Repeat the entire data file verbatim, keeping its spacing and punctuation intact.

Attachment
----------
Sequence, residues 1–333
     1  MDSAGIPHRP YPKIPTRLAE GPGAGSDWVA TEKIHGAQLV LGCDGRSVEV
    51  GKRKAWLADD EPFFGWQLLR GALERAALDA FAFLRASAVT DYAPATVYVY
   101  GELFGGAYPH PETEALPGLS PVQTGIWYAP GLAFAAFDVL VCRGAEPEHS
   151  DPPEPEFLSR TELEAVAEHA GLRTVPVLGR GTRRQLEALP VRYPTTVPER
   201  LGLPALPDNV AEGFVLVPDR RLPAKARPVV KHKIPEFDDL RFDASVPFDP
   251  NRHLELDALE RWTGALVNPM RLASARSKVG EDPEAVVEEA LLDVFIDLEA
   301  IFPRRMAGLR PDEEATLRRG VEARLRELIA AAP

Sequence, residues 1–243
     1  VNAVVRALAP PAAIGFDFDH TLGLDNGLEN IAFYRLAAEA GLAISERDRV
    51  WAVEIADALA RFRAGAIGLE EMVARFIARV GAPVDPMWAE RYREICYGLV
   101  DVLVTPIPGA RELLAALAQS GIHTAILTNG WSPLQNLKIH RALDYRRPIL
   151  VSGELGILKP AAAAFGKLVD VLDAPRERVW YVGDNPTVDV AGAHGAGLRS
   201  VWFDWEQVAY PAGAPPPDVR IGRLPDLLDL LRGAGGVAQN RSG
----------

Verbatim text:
Sequence, residues 1–333
     1  MDSAGIPHRP YPKIPTRLAE GPGAGSDWVA TEKIHGAQLV LGCDGRSVEV
    51  GKRKAWLADD EPFFGWQLLR GALERAALDA FAFLRASAVT DYAPATVYVY
   101  GELFGGAYPH PETEALPGLS PVQTGIWYAP GLAFAAFDVL VCRGAEPEHS
   151  DPPEPEFLSR TELEAVAEHA GLRTVPVLGR GTRRQLEALP VRYPTTVPER
   201  LGLPALPDNV AEGFVLVPDR RLPAKARPVV KHKIPEFDDL RFDASVPFDP
   251  NRHLELDALE RWTGALVNPM RLASARSKVG EDPEAVVEEA LLDVFIDLEA
   301  IFPRRMAGLR PDEEATLRRG VEARLRELIA AAP

Sequence, residues 1–243
     1  VNAVVRALAP PAAIGFDFDH TLGLDNGLEN IAFYRLAAEA GLAISERDRV
    51  WAVEIADALA RFRAGAIGLE EMVARFIARV GAPVDPMWAE RYREICYGLV
   101  DVLVTPIPGA RELLAALAQS GIHTAILTNG WSPLQNLKIH RALDYRRPIL
   151  VSGELGILKP AAAAFGKLVD VLDAPRERVW YVGDNPTVDV AGAHGAGLRS
   201  VWFDWEQVAY PAGAPPPDVR IGRLPDLLDL LRGAGGVAQN RSG